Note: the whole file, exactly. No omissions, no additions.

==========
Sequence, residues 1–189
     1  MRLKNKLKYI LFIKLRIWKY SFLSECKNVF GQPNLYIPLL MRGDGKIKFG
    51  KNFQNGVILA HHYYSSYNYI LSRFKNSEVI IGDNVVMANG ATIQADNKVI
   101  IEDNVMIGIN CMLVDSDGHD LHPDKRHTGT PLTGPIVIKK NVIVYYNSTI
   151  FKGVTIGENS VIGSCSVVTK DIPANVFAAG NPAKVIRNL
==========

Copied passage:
Sequence, residues 1–189
     1  MRLKNKLKYI LFIKLRIWKY SFLSECKNVF GQPNLYIPLL MRGDGKIKFG
    51  KNFQNGVILA HHYYSSYNYI LSRFKNSEVI IGDNVVMANG ATIQADNKVI
   101  IEDNVMIGIN CMLVDSDGHD LHPDKRHTGT PLTGPIVIKK NVIVYYNSTI
   151  FKGVTIGENS VIGSCSVVTK DIPANVFAAG NPAKVIRNL